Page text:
Anyhow, all that still leaves the challenge of explaining how the ancient mathematicians made all their discoveries long before the development of modern logic and metamathematics, and long before Hilbert's axiomatization of Euclid was available. Moreover there is also a need to explain the many examples of powerful spatial intelligence in non-human animals and the the ancient human mathematical discoveries that are not derivable within Euclidean geometry, including the discovery of the "neusis" construction mentioned above and origami geometry, and others discussed in:

I am left with the impression that there remain many unanswered questions about Turing's later thoughts, including the questions that inspired the Meta-Morphogenesis project in 2012 Sloman(2012-...) -- whose interest is independent of Turing's actual thoughts and motives.

Related documents
My Sloman IJCAI 1971 ideas criticising the logicist manifesto of McCarthy and Hayes(1969), were slightly expanded in Chapters 7, 8 and 9 of Sloman(1978), on varieties of representation and on vision, written when I still hoped it would be possible to implement the ancient modes of mathematical reasoning about geometry in AI systems, about which I am now doubtful. (As was Turing, in 1938 apparently.)

Examples discussed online
I have assembled a wide variety of examples of spatial (geometrical and topological) reasoning in humans that are very different from the forms of reasoning produced by AI researchers in geometrical theorem provers using logic and the Cartesian (coordinate-based) representation of geometry. These are all challenges for future AI systems and for neuroscience:
and others referred to in those documents.



Aaron Sloman, 2013--2018, Jane Austen's concept of information (Not Claude Shannon's)
Online technical report, University of Birmingham,

H.G. Barrow and J.M. Tenenbaum, 1981, Interpreting Line Drawings as Three-Dimensional Surfaces, in Artificial Intelligence, 17, pp. 75--116,

Jordana Cepelewicz, 2016 How Does a Mathematician's Brain Differ from That of a Mere Mortal? Scientific American Online April 12, 2016

Jackie Chappell, & Aaron Sloman (2007a). Natural and artificial meta-configured altricial information-processing systems. International Journal of Unconventional Computing, 3(3), 211-239. http://www.cs.bham.ac.uk/research/projects/cogaff/07.html#717

M.B. Clowes, 1973, Man the creative machine: A perspective from Artificial Intelligence research, in The Limits of Human Nature, Ed. J. Benthall, Allen Lane, London.

Chris Christensen (2013) Review of Biographies of Alan Turing, Cryptologia, 37:4, 356-367,

Kenneth Craik, 1943, The Nature of Explanation, Cambridge University Press, London, New York
Craik drew attention to previously unnoticed problems about biological information processing in intelligent animals. For a draft incomplete discussion of his contribution, see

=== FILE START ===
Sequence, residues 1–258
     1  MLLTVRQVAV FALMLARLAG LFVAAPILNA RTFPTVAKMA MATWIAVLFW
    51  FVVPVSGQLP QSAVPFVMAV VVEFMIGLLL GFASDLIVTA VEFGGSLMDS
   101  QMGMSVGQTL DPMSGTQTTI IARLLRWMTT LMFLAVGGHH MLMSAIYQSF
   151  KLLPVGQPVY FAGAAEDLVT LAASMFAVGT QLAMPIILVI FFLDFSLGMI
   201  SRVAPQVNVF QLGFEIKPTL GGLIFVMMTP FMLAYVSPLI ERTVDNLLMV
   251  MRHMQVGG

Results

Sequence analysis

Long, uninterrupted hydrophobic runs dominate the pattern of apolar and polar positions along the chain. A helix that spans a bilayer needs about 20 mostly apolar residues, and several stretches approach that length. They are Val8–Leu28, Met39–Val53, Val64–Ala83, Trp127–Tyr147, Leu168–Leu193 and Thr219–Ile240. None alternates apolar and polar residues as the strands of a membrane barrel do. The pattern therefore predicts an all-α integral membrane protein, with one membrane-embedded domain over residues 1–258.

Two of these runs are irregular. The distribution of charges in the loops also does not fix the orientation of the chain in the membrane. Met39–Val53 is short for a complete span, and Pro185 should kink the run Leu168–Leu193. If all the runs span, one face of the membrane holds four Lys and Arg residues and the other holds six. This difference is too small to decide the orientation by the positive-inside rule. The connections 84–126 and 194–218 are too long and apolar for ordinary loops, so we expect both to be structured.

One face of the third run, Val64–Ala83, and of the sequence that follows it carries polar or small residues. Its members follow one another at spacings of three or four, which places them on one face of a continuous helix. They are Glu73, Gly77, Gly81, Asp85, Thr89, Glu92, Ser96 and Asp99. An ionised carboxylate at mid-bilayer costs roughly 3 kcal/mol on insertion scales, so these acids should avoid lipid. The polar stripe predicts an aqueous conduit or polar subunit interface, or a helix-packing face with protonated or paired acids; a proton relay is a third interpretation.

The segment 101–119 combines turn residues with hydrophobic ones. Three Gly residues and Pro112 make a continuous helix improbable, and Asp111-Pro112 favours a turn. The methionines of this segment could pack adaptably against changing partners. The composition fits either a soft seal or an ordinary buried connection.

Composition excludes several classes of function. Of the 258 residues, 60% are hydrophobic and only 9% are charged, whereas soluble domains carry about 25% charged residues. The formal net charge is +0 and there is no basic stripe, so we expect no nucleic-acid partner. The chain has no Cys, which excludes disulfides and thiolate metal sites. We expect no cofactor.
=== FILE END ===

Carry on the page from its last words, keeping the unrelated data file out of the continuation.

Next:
David Deutsch, 1997 The Fabric of Reality,
Allen Lane and Penguin Books

David Deutsch, 2011 The Beginning of Infinity: Explanations That Transform the World,
Allen Lane and Penguin Books, London.

Euclid and John Casey (2007) The First Six Books of the Elements of Euclid, Project Gutenberg, Salt Lake City, Third Edition, Revised and enlarged. Dublin: Hodges, Figgis, \& Co., Grafton-St. London: Longmans, Green, \& Co. 1885,

H. Gelernter, 1964, Realization of a geometry-theorem proving machine, reprinted in Computers and Thought, Eds. Edward A. Feigenbaum and Julian Feldman, McGraw-Hill, New York, pp. 134-152,

Robert Geretschlager, 1995. Euclidean Constructions and the Geometry of Origami, Mathematics Magazine, 68, 5, pp. 357--371, Mathematical Association of America, http://www.jstor.org/stable/2690924

James J. Gibson, 1979 The Ecological Approach to Visual Perception, Houghton Mifflin, Boston, MA,

Ira Goldstein, 1973, Elementary Geometry Theorem Proving MIT AI Memo 280, April 1973

Seth G. N. Grant, 2018, Synapse molecular complexity and the plasticity behaviour problem, Brain and Neuroscience Advances 2, pp. 1--7,

Yacin Hamami and John Mumma, 2013, Prolegomena to a Cognitive Investigation of Euclidean Diagrammatic Reasoning, in Journ Log Lang Inf 22, pp 421-448

David Hilbert, 1899, The Foundations of Geometry,, available at Project Gutenberg, Salt Lake City, http://www.gutenberg.org/ebooks/17384 2005, Translated 1902 by E.J. Townsend, from 1899 German edition,

Andrew Hodges, 1999. Turing. New York: Routledge.

T. Ida and J. Fleuriot, Eds., Proc. 9th Int. Workshop on Automated Deduction in Geometry (ADG 2012), Edinburgh, September, 2012, University of Edinburgh, Informatics Research Report,

Immanuel Kant's Critique of Pure Reason (1781)
has relevant ideas and questions, but he lacked our present understanding of information processing (which is still too limited)

Imre Lakatos, Proofs and Refutations,
Cambridge University Press, 1976,

John McCarthy and Patrick J. Hayes, 1969, "Some philosophical problems from the standpoint of AI", Machine Intelligence 4, Eds. B. Meltzer and D. Michie, pp. 463--502, Edinburgh University Press,

Kenneth Manders (1998) The Euclidean Diagram, reprinted 2008 in The Philosophy of Mathematical Practice, OUP, pp.80--133 Ed Paolo Mancosu,

Kenneth Manders (2008) "Diagram-Based Geometric Practice", In Paolo Mancosu (ed.), The Philosophy of Mathematical Practice. OUP, pp.65--79